How to analyze a dog’s behavior problem

The first step in dealing with dog behavior problems is to understand why your dog acts the way he does. He probably didn.t turn bad overnight. (The exception would be irregular or aggressive behavior as a response to a medical condition.) Most behavior issues start small and grow out of control as the behavior is continually reinforced. If you look back to when your dog’s problematic behavior began and ask a few simple questions, you should be able to develop an effective plan to deal with it.

Questions to ask yourself

The following are some questions to consider as you analyze your dog’s behavior problem. Be sure to discuss them with everyone who’s in regular contact with your dog to get the full story.

What triggers the behavior?

Does it only happen when certain people are present? Is it only in certain rooms of the house or particular areas outside? Is there an object that prompts the behavior? Determine what triggers your dog’s response and it will be easier to manage him as you work to retrain an alternative behavior. For instance, if Aunt May is the only person your dog barks at, then you can crate him when she visits until he learns a new way to greet her.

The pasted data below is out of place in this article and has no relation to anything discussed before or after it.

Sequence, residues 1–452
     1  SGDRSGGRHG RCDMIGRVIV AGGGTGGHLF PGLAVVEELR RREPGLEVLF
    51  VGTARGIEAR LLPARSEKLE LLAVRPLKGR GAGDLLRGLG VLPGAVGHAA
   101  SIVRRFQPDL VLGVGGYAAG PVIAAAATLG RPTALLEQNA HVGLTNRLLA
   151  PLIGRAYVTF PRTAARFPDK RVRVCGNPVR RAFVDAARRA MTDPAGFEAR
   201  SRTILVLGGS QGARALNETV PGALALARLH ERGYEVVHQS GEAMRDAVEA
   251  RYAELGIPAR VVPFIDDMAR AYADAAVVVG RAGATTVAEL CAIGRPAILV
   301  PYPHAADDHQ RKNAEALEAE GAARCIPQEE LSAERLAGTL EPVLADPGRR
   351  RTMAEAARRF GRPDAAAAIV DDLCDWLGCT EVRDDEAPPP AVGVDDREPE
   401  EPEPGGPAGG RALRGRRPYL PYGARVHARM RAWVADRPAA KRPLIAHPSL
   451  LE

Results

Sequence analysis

How often does the behavior happen?

Does your dog do it non-stop or just occasionally? Does he do it every time the trigger is present or are there other times? Your answers here will help you further refine what causes the problem behavior.

What reinforces the behavior?

Your dog will repeat a behavior when it’s rewarding and avoid or stop a behavior when it’s not. If you ignore your dog when he jumps up for attention but the kids run for his favorite toy and play with him, he’ll continue to jump up because there’s a chance he’ll be rewarded for it. Remove the reinforcement for a behavior and you’ll go a long way toward eliminating that behavior.

What have you done previously to stop it?

Think about the ways you’ve tried to end your dog’s behavior problem in the past. Did he ever change in response to something you did? Were you successful for a short while before the behavior returned? Your answers here will give you some insight into what motivates your dog. You may also come up with some creative ways to overcome the problem based on what you’ve done before.

Once you have a good grasp of the issue, including what seems to cause it and why it continues, you can work to manage your dog’s behavior problem and train an alternate or incompatible behavior to overcome it. Then you’ll be well on your way to turning your furry ball of terror into a respectable canine companion.


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